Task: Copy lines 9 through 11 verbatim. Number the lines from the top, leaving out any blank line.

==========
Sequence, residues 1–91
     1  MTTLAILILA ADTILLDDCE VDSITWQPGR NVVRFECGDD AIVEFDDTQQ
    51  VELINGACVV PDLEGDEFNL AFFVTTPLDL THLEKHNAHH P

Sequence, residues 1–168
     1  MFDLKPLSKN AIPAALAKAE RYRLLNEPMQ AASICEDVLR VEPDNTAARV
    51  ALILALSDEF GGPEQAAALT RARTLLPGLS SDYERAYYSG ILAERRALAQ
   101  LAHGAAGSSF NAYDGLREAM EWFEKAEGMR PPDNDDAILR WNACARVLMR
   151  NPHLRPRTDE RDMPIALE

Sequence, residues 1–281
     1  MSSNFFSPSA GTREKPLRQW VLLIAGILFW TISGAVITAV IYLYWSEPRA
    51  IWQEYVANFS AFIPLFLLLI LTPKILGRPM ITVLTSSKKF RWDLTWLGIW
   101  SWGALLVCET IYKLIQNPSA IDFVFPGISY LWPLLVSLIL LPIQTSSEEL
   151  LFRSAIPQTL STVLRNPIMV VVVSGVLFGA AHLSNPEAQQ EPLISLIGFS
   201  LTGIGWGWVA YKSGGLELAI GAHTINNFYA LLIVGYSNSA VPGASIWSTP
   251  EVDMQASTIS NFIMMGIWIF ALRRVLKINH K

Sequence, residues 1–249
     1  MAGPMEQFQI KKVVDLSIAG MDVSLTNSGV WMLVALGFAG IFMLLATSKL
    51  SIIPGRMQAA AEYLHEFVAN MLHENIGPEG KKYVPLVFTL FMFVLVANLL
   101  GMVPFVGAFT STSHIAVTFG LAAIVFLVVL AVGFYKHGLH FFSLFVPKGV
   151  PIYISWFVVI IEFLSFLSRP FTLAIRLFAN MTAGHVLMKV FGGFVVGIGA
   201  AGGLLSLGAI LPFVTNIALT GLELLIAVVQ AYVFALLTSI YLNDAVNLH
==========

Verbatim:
Sequence, residues 1–281
     1  MSSNFFSPSA GTREKPLRQW VLLIAGILFW TISGAVITAV IYLYWSEPRA
    51  IWQEYVANFS AFIPLFLLLI LTPKILGRPM ITVLTSSKKF RWDLTWLGIW